“Citing numerous errors and inadequacies, the Highland County Planning Commission on Jan. 25 voted to set one public hearing, but tabled two other land-use applications for Dominion to establish proposed Atlantic Coast Pipeline construction lay-down material storage yards.”
At their January 4, 2018, meeting the Augusta County Board of Zoning Appeals considered Dominion’s application for the required permit to use a 34 acre site in Churchville, currently zoned as agricultural, for two years as a storage yard for ACP construction materials, equipment, fuel and worker trailers. At least 400 workers would be coming and going from the site each day, 6 days a week, and large trucks and equipment would be traveling between the site and the proposed pipeline construction site 10-20 miles away. The property in question is on winding Rt. 42, designated as a Scenic Highway.
About Special Use Permits, the Augusta County General Code says, “No Special Use Permit shall be issued without consideration that, in addition to conformity with any standards set forth in this chapter for Special Use Permit uses, the following general standards will be met either by the proposal made in the application or by the proposal as modified or amended and made part of the Special Use Permit:
- 1. Conformity with Comprehensive Plan and policies. The proposal as submitted or as modified shall conform to the Comprehensive Plan of the county or to specific elements of such plan, and to official policies adopted in relation thereto, including the purposes of this chapter.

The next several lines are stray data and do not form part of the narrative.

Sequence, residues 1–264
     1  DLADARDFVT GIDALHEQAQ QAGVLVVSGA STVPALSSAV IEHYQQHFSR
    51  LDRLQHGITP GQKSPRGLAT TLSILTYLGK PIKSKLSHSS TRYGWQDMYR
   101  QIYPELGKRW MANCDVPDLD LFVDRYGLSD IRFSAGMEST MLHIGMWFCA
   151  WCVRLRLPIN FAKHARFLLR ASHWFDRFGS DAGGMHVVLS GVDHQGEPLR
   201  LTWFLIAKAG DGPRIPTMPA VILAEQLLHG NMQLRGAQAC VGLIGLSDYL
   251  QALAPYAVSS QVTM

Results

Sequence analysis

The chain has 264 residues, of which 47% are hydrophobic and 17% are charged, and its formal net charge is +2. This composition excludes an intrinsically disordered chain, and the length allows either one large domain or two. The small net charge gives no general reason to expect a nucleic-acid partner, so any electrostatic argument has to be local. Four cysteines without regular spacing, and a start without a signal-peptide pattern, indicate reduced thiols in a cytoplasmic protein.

- 2. Impact on neighborhood. The proposal as submitted or as modified shall not have undue adverse impact on the surrounding neighborhood.”
The Augusta County Comprehensive Plan states, “Agriculture will continue to be the predominant land use in the county and a major part of the economy. The county’s scenic beauty and natural environment will be preserved, with farms, forests, mountains, rivers and streams providing the framework and context for development in the urban areas, and continuing to define the landscape in the rural areas.”
More than 250 people turned out at the BZA meeting to speak against the application, including Ryan Blosser, whose adjacent 4-acre organic farm is downhill, downwind, and downstream from the proposed yard, meaning it no longer would be possible for him to maintain his organic status and the organic CSAs which are his family’s livelihood. When the BZA members asked Dominion if they had discussed their plans with the Blossers, the answer (not surprisingly) was “No.” When they were asked if they were planning on compensating the Blossers for the hardship they were imposing upon them, the answer (again not surprisingly) was “No.” Dominion representatives initially stated at the meeting that they have “no responsibility” to their neighbors. The BZA tabled any decision on the matter and will consider it again at their next regular meeting on February 1 at 1:30.
Read the News Virginian coverage of the meeting here, and read Ryan Blosser’s impassioned letter to the editor here. A Facebook page, Augusta County Standoff, is following the issue. A petition page asks the Augusta Board of Zoning Appeals to turn down the application. You may send email opposing the application to Sandra Bunch (Secretary), firstname.lastname@example.org.
The YouTube video below is a 20-second time lapse of a Rover Pipeline construction yard over a three year period, 2014-2017.